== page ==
Battery life is rated at 10 hours for audio only and 5 hours if you fire up the light show. There's no speakerphone capability, but you do get NFC, the tap-to-pair option for devices that support it, and JBL has a free iOS app, JBL Music. The app isn't required to use the product, but it gives you a little more control of playback and allows you to create the aforementioned custom light themes (alas, there's currently no Android app, so Android users can't create custom themes yet, but that really isn't a big deal because the preprogrammed light shows are fine).
In this price range you'll find the
I tended to keep the volume around the midway point and was pretty pleased. Even at more modest levels it does a decent job of filling a small room with sound. If you want to fill a larger room, you'll just have to play around with placement and ratchet up the volume to a point where it doesn't push the speaker too hard and make your music sound harsh. It's a delicate balance, especially if you're a critical listener (that said, if you are a critical listener, a lot of these compact Bluetooth speakers just aren't going to cut it for you).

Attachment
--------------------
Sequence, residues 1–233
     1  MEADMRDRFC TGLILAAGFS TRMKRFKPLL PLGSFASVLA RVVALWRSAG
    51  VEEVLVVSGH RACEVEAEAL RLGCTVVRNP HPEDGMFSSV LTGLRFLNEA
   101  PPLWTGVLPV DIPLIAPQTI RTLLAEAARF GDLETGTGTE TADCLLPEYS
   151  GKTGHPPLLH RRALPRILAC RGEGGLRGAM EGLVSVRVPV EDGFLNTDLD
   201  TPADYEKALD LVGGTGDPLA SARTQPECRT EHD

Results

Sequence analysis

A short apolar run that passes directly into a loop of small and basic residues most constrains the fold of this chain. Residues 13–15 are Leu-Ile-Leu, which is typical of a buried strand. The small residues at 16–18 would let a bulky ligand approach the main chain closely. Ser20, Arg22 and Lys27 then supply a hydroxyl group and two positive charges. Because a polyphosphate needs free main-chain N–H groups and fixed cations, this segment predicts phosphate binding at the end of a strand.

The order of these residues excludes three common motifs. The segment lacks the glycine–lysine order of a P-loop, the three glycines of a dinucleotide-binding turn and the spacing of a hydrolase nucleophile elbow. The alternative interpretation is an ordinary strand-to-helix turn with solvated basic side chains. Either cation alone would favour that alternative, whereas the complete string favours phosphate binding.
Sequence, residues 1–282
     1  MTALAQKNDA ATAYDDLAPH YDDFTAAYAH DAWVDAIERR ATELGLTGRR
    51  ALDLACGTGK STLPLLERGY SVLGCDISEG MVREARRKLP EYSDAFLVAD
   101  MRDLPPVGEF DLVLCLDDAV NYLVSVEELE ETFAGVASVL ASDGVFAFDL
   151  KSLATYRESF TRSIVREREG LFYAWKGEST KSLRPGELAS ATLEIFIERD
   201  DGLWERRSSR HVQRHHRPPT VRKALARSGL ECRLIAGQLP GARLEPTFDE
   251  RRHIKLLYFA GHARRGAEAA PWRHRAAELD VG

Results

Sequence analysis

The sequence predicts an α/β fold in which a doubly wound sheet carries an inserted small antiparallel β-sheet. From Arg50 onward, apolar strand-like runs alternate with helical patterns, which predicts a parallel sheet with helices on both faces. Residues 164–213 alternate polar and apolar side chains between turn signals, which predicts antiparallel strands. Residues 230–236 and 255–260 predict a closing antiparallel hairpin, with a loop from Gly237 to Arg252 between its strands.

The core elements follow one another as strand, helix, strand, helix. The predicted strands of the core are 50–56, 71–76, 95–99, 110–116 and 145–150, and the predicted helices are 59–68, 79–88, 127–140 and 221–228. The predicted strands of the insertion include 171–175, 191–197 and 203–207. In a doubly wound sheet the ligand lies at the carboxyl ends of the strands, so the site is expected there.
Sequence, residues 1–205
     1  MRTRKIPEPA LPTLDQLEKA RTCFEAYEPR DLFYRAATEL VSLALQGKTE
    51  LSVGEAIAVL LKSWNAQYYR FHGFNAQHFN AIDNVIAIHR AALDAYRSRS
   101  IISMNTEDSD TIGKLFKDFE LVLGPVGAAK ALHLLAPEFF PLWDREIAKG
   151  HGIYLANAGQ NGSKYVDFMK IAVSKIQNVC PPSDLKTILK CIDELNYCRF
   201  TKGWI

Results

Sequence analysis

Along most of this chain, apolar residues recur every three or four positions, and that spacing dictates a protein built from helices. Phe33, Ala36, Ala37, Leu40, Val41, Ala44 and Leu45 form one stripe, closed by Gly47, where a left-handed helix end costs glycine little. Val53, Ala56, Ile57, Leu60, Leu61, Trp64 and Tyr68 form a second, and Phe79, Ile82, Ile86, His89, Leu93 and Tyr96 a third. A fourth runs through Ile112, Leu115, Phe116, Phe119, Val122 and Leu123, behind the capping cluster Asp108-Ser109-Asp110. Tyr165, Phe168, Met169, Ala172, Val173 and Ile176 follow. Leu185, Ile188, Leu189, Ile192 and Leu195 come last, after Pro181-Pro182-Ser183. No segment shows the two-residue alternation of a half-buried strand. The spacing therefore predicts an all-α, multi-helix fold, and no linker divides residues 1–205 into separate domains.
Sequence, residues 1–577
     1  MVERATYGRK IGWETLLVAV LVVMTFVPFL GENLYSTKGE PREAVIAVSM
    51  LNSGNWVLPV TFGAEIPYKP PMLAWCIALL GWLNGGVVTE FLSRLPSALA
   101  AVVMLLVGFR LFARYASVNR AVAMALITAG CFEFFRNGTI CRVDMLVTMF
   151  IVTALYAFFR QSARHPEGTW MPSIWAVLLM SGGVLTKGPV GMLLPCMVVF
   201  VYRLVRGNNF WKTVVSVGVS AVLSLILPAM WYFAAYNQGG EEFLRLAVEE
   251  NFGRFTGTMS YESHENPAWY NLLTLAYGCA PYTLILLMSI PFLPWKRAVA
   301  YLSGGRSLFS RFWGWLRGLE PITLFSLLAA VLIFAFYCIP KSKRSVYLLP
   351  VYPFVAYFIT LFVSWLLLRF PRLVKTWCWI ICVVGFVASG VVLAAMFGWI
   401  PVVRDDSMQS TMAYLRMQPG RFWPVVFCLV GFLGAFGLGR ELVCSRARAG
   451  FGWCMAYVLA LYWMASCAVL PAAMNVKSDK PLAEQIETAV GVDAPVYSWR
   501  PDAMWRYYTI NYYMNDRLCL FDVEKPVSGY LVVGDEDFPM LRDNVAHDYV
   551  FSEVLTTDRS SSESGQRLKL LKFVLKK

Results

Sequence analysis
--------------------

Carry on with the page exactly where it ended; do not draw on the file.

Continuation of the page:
Soundwise, the Pulse matches up pretty well against competing speakers in its price class. Though it doesn't go as deep as the UE Boom, it sounds somewhat more natural, and while it's slightly behind the Bose SoundLink Mini (the SoundLink holds together better at higher volumes), it's not a huge difference.
The X factor is the light show. It may be a gimmick, but it's a good one, and certainly adds another dimension to the listening experience. Not everyone will like it, but combined with the speaker's decent sound, it makes the Pulse a worthy contender in a crowded market.